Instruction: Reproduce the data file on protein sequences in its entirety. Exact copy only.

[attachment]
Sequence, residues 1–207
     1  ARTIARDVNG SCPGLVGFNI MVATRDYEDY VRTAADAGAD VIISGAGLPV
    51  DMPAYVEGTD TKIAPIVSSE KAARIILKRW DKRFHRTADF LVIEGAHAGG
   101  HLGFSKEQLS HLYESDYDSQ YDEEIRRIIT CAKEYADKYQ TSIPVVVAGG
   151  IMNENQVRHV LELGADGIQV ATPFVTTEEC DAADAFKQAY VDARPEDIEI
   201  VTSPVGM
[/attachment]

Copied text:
Sequence, residues 1–207
     1  ARTIARDVNG SCPGLVGFNI MVATRDYEDY VRTAADAGAD VIISGAGLPV
    51  DMPAYVEGTD TKIAPIVSSE KAARIILKRW DKRFHRTADF LVIEGAHAGG
   101  HLGFSKEQLS HLYESDYDSQ YDEEIRRIIT CAKEYADKYQ TSIPVVVAGG
   151  IMNENQVRHV LELGADGIQV ATPFVTTEEC DAADAFKQAY VDARPEDIEI
   201  VTSPVGM